New Venezuelan Sports Law to affect commercial sponsorship
Por: Ricardo Alberto Antequera / AndrÃ©s Brandt
On August 23, 2011, a new Venezuelan Sports Law entered into force, which is intended to regulate sports sponsorship, organization and administration, as well as the physical activities as a public service and sports management as economic activity for social purposes, since they are citizens’ fundamental rights and a State’s social duty.
One of the main aspects set forth in the Law is the regulation of public and private commercial sponsorship to sports organizations domiciled in Venezuela.
Article 64 states that public and private organizations may commercially sponsor those sports promoting organizations domiciled in Venezuela and duly registered before the National Registry of Sports, Physical Activity and Education as long as they duly inform the National Institute of Sports within the following 15 working days after the execution of the corresponding agreements.
In this regard, it is understood that the commercial sponsorship is subject to the approval of the National Institute of Sports, and it will be granted only to those sports promoting organizations registered with this Institute, which considerably limits the commercial sponsorship figures previously not subjected to any kind of Government’s control.
Several important aspects of the law are still unfinished and will be ruled by its regulation (which has not yet been passed as it should have been within the time set forth therein), such as, for example, the commercial sponsorship for an athlete. Currently, and until the regulation is passed, there is a legal void as per how local or foreign companies willing to commercially sponsor athletes should act, since such is a very common practice in sports related activities.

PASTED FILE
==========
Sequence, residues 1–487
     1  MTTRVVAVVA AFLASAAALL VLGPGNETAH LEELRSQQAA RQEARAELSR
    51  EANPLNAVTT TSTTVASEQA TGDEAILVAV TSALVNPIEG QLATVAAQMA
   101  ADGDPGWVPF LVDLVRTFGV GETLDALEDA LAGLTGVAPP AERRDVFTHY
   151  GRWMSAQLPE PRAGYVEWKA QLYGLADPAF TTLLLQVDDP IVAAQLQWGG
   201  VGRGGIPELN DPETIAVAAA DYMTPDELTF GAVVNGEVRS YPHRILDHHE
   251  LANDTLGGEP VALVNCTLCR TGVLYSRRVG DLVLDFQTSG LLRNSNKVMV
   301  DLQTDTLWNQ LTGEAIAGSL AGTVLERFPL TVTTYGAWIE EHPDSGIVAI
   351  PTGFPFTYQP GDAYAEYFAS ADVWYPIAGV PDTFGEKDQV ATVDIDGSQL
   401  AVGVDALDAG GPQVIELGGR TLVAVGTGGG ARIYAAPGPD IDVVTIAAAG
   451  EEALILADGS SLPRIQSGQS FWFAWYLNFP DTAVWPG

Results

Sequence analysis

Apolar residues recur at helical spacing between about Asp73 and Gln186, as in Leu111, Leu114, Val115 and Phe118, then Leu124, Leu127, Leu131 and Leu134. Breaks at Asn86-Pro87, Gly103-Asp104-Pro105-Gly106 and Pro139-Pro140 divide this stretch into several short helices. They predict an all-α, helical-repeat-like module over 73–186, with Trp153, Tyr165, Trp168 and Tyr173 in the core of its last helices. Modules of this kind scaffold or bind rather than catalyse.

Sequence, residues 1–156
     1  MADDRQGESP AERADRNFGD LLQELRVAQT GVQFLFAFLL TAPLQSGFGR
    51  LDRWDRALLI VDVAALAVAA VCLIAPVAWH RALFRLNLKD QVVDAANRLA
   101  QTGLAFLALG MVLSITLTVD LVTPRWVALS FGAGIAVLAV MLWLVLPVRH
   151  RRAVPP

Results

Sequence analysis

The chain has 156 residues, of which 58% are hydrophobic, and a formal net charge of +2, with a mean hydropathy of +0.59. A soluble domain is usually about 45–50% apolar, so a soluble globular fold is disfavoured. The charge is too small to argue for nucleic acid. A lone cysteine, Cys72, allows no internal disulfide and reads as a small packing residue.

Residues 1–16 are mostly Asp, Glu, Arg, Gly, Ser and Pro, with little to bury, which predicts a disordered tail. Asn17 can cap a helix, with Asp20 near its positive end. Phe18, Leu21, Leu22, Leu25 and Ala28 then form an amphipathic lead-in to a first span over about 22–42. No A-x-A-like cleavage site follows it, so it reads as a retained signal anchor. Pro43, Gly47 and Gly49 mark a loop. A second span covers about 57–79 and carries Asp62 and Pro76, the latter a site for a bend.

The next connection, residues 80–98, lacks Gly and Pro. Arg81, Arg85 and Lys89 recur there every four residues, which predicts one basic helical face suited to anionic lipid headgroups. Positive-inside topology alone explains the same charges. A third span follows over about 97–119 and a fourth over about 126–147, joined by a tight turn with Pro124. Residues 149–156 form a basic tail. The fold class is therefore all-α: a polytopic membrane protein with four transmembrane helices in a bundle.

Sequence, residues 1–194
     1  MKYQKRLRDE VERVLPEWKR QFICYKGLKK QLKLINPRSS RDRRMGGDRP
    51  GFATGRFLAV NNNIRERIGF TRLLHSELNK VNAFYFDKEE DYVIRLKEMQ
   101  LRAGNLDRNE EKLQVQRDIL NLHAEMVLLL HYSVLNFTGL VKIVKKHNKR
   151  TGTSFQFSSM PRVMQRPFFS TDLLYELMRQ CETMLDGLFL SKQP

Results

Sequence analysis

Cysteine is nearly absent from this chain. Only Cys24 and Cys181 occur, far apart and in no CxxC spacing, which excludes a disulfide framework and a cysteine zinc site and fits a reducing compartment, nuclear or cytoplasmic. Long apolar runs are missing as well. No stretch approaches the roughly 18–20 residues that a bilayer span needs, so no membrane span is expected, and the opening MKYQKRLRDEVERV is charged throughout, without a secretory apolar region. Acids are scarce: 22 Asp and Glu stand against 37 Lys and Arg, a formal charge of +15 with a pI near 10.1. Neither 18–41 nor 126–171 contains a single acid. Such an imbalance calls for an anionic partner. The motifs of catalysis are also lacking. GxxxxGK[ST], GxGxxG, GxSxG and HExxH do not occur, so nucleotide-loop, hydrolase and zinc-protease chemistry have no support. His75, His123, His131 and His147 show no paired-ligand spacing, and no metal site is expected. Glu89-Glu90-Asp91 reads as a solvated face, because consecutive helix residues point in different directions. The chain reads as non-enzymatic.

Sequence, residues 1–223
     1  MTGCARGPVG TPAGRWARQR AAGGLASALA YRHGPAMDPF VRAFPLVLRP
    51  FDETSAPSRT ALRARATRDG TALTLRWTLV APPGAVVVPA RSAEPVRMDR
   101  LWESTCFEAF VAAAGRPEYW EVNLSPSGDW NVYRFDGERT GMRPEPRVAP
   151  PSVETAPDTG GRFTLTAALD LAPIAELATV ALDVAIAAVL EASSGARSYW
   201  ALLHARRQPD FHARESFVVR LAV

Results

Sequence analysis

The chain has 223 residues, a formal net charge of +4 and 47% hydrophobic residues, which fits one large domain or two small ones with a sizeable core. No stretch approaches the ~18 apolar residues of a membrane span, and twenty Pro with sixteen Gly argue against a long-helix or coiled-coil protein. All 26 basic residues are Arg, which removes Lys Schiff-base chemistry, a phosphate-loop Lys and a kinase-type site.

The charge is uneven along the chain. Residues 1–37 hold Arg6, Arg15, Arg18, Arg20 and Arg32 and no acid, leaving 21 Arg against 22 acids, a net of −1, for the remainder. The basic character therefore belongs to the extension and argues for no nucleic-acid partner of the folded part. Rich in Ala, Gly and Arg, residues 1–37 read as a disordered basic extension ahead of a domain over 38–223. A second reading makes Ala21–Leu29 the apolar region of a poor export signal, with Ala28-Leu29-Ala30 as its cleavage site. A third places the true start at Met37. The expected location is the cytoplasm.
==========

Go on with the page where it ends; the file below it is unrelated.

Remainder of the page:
Another important aspect of this Law is referred to in Article 68, which states that any company whose net annual income is higher than USD 350.000 should make a compulsory contribution of 1 percent of said income, without it being considered as a part of its corresponding income tax.
According to the Law, companies may use up to 50 percent of the contribution stated therein for their own sports related projects and for sponsorship subjected to the guidance of the National Institute of Sports.
In conclusion, this new Law grants more control to the State in connection with the sponsorship of sports related activities, resulting in a negative impact in the commercial development of this area since private sponsoring companies will probably reduce their economic support, which is the main source of income for sports institutions and athletes alike.